Brown found the death of the “love of his life” very difficult. Walking and running had been important to them as a couple. A friend recommended he see “My Run,” a movie about a man who completed 75 marathons in 75 days. So when the first scene revealed a man, Terry Hitchcock, struggling with the death of his wife due to breast cancer, Brown was inspired.
“If he can run 75 marathons in a row, I can walk across the country,” he said.
Brown decided it was time in 2011 during the holiday season when his company was planning for the coming year. It was then, Brown realized he didn't want to be at work anymore. He gave his employer six months' notice and started training by walking, biking and working out daily.
Brown chose highways U.S. 40 and U.S. 50 because, as a native Ohioan, he has spent much of his life driving and jogging on the routes. In the 1980s, Joan gave him a book titled “U.S. 40 Today,” which chronicled a couple's 1983 drive from Atlantic City to San Francisco. The two took the same path and photos as a college professor who, in 1953, explored the westbound road.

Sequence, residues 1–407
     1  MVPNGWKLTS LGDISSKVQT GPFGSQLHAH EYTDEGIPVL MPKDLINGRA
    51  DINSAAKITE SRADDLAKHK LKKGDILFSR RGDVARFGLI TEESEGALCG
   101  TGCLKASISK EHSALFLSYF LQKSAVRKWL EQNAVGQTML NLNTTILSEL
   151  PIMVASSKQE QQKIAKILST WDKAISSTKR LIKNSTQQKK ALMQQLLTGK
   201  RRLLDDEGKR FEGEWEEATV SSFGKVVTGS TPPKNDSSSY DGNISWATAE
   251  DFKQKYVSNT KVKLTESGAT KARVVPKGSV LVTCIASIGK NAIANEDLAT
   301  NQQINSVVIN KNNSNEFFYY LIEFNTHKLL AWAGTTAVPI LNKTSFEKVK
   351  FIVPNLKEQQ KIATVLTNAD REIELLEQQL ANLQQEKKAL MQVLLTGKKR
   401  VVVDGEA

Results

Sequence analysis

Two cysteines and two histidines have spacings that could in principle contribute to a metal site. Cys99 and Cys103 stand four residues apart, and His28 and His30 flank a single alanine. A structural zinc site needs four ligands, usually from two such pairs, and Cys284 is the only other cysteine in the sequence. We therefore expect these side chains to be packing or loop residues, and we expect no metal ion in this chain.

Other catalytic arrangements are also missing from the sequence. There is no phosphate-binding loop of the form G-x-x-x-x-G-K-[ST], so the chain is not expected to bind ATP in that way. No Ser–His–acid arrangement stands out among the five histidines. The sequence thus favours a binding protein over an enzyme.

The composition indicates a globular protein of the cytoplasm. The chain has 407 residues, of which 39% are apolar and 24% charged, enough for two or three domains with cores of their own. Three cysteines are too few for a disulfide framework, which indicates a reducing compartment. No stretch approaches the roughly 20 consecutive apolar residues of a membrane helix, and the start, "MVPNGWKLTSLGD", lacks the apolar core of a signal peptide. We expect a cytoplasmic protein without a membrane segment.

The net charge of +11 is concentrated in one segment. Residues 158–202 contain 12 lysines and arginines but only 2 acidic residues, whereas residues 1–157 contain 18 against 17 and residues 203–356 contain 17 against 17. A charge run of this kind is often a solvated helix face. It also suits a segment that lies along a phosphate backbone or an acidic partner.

Brown is excited to follow those same paths 30 and 60 years later, respectively, and has seen first-hand the changes those regions have experienced. Although some photos, he said, are barely different from previous decades.
Brown will miss some photo opportunities when he deviates from U.S. 40 after St. Louis because the road has been “beat up” since 1983. At that point, he plans to take U.S. 50 westward from Missouri.
In the more than two months since he began the journey, the 61-year-old has been overwhelmed by the generosity of fellow Americans.
Because of the generosity, Brown has only spent about $132 on hotel rooms, with strangers and some lodgers, offering him a place to rest his feet.